The scary side of virtualization

After pushing forward with server virtualization, some IT executives are rethinking the security implications

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Jordon insists that Phoenix's system administrators isolate each virtual server within its own security zone. "I had to fight with server admins who swear up and down that the hypervisor can do that. But I trust firewalls more than I trust hypervisors," she says.

virtualization security

"One of the biggest nightmares is how to segment the everyday business network from the payment card infrastructure," which citizens can use to pay their water bills or pay for other services, Jordon adds. And, she says, to meet the requirements of the PCI Security Standard she needs file integrity monitoring on virtual servers that process, store or transmit payment card data.

For its part, Six Flags has put its payment card processing on virtual servers using VLANs without any issues. "We haven't had anything come back from any of our PCI audits," says Nowell. Rent-a-Center, on the other hand, decided to keep credit card processing off of virtual machines for now.

The Schwann Food Co. in Marshall, Minn., has taken a different approach to payment card processing: It uses only bare-metal virtualization systems and doesn't run any hypervisor at all.

The danger of the über admin

In an unchecked, unmonitored virtual environment, administrators are all powerful -- and that's not a good thing, consultants and IT executives agree. "This gives server admins the keys to the kingdom, and most of the time they don't understand the security risks," says Jordon.

For example, administrators may create a virtual FTP server that compromises security or inadvertently use a virtual-machine migration tool, such as XenMotion, the Hyper-V live migration feature or VMware's vMotion, to move a server onto different hardware for maintenance reasons. But they may not realize that the new host is on an untrusted network segment. Or they may not follow best practices -- for example, they might store administrative credentials for a VMware Virtual Network Computing (VNC) client in a text file within virtual machine images and then distribute those VMs.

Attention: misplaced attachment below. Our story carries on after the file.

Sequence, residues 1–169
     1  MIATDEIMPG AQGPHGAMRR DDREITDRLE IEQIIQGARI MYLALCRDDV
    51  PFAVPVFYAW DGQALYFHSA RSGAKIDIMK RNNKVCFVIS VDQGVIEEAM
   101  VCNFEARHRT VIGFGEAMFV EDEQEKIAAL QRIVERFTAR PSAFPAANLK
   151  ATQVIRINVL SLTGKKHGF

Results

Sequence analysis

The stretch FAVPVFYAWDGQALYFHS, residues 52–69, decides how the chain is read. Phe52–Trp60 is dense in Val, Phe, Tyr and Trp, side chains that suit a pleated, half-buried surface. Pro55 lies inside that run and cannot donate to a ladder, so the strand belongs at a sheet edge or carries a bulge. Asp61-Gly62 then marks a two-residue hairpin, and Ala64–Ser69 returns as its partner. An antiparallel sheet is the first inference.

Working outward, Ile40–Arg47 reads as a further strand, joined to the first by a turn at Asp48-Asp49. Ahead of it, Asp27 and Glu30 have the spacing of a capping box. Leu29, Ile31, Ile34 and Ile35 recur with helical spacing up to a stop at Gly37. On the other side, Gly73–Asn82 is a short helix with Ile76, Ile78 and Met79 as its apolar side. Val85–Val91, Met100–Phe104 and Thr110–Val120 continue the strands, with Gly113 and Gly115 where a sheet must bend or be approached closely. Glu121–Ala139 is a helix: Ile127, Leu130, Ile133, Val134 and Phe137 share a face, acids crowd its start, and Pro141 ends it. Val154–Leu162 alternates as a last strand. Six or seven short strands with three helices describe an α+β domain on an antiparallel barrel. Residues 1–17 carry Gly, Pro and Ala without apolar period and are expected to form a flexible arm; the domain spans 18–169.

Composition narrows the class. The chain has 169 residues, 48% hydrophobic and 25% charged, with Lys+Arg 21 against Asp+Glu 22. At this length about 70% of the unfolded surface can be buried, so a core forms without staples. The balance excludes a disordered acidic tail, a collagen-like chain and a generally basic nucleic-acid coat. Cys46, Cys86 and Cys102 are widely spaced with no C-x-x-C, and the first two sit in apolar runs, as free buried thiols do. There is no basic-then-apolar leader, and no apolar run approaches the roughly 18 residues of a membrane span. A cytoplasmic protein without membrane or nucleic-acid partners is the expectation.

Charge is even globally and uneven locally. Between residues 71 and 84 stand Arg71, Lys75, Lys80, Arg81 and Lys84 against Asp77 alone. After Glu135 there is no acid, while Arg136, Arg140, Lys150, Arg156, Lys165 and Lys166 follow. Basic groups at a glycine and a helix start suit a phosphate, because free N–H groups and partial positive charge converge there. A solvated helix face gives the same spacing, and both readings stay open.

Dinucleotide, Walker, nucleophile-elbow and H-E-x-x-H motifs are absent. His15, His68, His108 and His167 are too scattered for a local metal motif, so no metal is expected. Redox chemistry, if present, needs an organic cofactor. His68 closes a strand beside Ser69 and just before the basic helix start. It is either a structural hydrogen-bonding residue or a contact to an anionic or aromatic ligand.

Using default passwords when creating new virtual servers is very common, says Harold Moss, an architect with IBM's Security Strategy group, and people responsible for administering the new machines don't always change them either. "With the VNC you're opening up a whole bunch of ports," he says. With those unchanged passwords, would-be thieves could dial into a machine, guess the password "and have complete control," he explains.

John Kindervag, an analyst at Forrester Research Inc., says he's heard stories from clients who have had the VMware vCenter management console compromised. That allows the attacker to copy a virtual machine, which they can then run to access data. "When you steal a VM, it's like you broke into the data center and stole a piece of hardware. It's potentially devastating," he says.

Other common mistakes

At IBM Security Solutions, Lovejoy is seeing malware and cross-site scripting issues in customer sites that result from poorly constructed virtual machine images. "Commonly that image will contain malware or have vulnerabilities that can be exploited very easily. It used to happen once. Now these images are being deployed without end, creating massive headaches for people," he says.

To help protect against that possibility, security software vendors are moving toward a model in which virtulization software vendors allow some code to run at the hypervisor layer. Trend Micro Inc.'s Deep Security software, for example, includes firewall, log inspection, file-integrity monitoring and intrusion-detection and -prevention functions. It works with Sun Solaris Containers, Microsoft Windows Hyper-V, VMware ESX Server and Citrix XenServer virtual machines. But with vSphere, network filtering capability runs at the hypervisor level, says Bill McGee, senior director of product development at Trend Micro.

Some, however, question whether inflating the size of the hypervisor is a good idea. [See related story, "Hypervisor as virtualization's enforcer?".]

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